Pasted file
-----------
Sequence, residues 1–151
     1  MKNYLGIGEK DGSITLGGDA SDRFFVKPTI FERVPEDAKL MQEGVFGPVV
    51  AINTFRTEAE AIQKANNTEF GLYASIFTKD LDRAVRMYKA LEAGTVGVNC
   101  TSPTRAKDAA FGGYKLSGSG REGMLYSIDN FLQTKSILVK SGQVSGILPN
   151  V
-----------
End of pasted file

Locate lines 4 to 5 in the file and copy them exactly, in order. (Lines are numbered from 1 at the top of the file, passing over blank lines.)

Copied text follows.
   101  TSPTRAKDAA FGGYKLSGSG REGMLYSIDN FLQTKSILVK SGQVSGILPN
   151  V